- Today will feel longer than most other days, as Namibians and the various political parties wait anxiously for the results of the two-day presidential and general elections.
Counting at polling stations is scheduled to start at 08h00, with the final result only expected to be officially confirmed by tomorrow - although a clear indication of the outcome should emerge by this evening.
Early results announced this morning are unlikely to shed much light on the final outcome - they will be from the smaller constituencies - and any attempt to use them to project the final composition of Parliament would be pointless. Early results from the South and East will give little guidance as to the eventual outcome.
As always the key areas will be the most populous regions such as Ohangwena (with more than 102 000 registered voters), Omusati (109 000 voters), Oshikoto (77 000 voters) and Oshana (82 000 voters).
Many Namibians will be glued to NBC radio this morning with the results expected to start trickling in from around 11h00. Those with Internet access can visit the Electoral Commission's website (www.ecn.gov.na) for quicker updates.
There is little suspense as to who will emerge the winner. The ruling party Swapo is expected to sweep back into parliament with a handsome majority. All that is in doubt is how big that majority will be.
The main tension will be among the other eight parties. Even the most seasoned political observers have been reluctant to predict how the two main opposition parties, the Congress of Democrats (CoD) and the DTA of Namibia will fare.
Some expect the CoD to hold its ground, or increase its support. Others have predicted that the party might see a drop in its support. Similar views have been expressed about the DTA which has seen a dramatic drop-off in its numbers with each successive election. The United Democratic Front (UDF) is generally predicted to retain its traditional support base.
Newcomers NUDO and the Republican Party (RP) joined the election fray with high hopes. They have made their presence felt in the political arena but whether this will translate into ballot-box power remains to be seen.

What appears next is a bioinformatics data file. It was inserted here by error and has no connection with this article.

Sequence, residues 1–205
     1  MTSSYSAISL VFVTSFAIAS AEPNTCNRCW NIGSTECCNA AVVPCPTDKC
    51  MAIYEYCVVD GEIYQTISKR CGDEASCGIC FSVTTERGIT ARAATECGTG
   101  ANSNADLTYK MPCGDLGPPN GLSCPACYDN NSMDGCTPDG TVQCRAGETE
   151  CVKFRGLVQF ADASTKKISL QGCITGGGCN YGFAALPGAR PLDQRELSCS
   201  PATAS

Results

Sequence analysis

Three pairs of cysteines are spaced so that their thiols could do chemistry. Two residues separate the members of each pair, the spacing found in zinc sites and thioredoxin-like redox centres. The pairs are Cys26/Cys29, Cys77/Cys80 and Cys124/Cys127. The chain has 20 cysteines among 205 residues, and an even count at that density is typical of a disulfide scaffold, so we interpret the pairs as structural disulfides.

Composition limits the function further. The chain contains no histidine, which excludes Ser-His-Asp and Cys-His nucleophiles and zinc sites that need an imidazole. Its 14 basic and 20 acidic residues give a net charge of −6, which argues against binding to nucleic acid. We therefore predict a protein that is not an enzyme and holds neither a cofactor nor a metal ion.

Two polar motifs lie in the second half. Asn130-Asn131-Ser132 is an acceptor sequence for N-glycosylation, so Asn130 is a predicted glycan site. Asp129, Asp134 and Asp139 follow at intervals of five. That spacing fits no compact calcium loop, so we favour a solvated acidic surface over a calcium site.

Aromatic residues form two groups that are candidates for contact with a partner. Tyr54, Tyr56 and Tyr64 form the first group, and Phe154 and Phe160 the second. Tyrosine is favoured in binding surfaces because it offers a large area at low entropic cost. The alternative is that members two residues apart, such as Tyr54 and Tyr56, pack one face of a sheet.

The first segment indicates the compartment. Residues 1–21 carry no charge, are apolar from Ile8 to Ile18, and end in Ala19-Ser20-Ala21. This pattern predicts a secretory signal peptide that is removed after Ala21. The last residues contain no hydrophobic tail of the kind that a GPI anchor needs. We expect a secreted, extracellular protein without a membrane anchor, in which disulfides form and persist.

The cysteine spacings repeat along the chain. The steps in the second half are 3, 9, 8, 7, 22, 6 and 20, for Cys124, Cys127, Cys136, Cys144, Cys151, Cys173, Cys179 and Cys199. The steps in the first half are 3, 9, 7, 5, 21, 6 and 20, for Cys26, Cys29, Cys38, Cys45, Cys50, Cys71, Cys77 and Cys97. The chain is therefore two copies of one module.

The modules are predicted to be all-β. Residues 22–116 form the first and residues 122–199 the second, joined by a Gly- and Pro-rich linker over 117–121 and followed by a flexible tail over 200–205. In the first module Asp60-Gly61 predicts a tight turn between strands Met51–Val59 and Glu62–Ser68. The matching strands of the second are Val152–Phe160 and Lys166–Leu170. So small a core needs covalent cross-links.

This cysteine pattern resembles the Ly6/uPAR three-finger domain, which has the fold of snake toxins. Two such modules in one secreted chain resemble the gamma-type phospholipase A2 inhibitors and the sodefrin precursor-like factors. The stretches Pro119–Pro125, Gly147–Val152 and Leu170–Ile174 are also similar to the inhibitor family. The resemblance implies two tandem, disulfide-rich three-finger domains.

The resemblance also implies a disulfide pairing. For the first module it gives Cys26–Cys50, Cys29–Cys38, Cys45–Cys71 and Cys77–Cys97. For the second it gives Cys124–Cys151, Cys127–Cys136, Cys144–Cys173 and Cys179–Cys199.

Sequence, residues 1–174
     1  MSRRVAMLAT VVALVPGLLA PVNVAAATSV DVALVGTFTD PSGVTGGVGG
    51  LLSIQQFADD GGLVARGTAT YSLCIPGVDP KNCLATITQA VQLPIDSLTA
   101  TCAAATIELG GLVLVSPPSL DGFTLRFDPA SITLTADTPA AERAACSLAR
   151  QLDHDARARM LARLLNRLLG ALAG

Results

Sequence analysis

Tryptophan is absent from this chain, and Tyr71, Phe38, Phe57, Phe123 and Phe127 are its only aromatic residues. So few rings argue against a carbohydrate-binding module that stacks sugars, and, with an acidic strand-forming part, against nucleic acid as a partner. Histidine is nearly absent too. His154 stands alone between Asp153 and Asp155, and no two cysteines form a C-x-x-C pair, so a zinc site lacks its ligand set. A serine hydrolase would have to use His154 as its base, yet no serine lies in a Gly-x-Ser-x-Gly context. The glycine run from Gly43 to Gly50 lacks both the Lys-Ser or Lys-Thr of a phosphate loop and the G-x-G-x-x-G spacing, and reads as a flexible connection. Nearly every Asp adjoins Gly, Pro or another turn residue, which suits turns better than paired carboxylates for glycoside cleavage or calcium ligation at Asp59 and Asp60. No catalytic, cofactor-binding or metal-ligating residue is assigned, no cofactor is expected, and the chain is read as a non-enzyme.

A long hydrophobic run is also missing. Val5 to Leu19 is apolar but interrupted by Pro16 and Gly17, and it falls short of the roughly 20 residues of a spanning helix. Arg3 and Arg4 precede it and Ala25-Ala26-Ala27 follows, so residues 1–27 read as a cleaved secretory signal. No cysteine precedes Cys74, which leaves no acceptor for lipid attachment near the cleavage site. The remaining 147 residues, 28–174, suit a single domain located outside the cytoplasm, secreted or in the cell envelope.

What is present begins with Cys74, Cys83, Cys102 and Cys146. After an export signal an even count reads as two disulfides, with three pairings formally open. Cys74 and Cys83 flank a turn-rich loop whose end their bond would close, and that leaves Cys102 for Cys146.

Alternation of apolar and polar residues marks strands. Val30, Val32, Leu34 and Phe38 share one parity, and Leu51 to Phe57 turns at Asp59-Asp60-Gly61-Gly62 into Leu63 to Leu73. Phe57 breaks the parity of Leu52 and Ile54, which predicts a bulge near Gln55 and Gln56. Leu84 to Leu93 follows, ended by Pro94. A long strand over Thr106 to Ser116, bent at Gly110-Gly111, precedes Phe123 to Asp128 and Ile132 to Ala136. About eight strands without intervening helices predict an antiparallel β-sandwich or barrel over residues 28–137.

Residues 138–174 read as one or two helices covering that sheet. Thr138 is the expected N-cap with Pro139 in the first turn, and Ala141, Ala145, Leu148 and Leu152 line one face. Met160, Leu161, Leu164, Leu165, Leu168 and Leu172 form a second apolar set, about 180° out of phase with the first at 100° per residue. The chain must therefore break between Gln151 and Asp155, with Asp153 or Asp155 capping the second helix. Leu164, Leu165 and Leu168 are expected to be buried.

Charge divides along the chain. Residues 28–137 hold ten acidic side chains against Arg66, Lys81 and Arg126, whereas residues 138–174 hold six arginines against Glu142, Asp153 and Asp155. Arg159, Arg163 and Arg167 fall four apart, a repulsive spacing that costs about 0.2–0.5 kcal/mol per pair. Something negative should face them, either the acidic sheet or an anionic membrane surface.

SWANU and MAG appear unlikely to make any inroads. Veteran politician and MAG leader Kosie Pretorius, who has filled his party's sole seat in parliament, has run an understated campaign. It is likely that his already small support base might be eroded by the RP.
There was a significant drop in the number of voters who cast their ballots yesterday, compared to the long queues at all polling stations on Monday. Most polling stations at the major towns Swakopmund, Keetmanshoop, Mariental, Karasburg, Tsumeb, Outjo, Usakos, Karibib, Rundu, and even parts of the North, were empty for most of yesterday.
Polling stations in the capital Windhoek, at the coast and in the South were reported to be quiet by early yesterday evening, although officials were expecting a last-minute rush. Presiding officers in Namibia's most populous suburb, Katutura, said they expected to stay open until around 23h00 last night to allow people who had started queuing before 21h00 to vote.
The Electoral Commission is predicting a turnout of around 75 percent of registered voters. However, some analysts said that despite long queues on Monday, turnout was unlikely to reach the 61 percent seen in the last presidential and parliamentary polls in 1999.
- I think turnout is going to be low, and I think the whole thing is going to turn into a real crisis for the opposition, Christiaan Keulder of the Institute for Public Policy Research told Reuters. "I think what you are going to get this time is further fragmentation of the opposition vote," he said.
Nonetheless Commission Chairman Victor Tonchi remains optimistic. He says the turnout has been beyond expectation despite the "minor computer glitches" that delayed voting by up to two hours at some polling stations on Monday.
He expects "more or less the same turnout as in 1999", when around 76 percent voted. Mr Tonchi said the ECN would review the tendered ballot system after the election, as it slowed down the pace of voting.
The Namibia Non-Governmental Organisation Forum (Nangof) said the voter turnout was low yesterday and called on the ECN to consider having only one day of voting in future.
The Electoral Commission registered 977,742 voters - meaning that a political party needs around 10,180 votes to win one seat in Parliament if there is a turnout of 76 percent. This could mean bad news for the likes of SWANU, MAG and the Namibia Democratic Movement for Change, who have failed to reach the 10,000 mark in the past.
NUDO needs to collect only half of all votes in its strongholds Aminius (with 6,403 registered voters), Epukiro (2,294 voters), Otjinene (4,456 voters), Otjombinde (2,078 voters) and Steinhausen (4,667) to get two seats in Parliament, but it did not do as well as expected in the local and regional elections in that part of Namibia.
By Christof Maletsky, Jean Sutherland and Tabby Moyo
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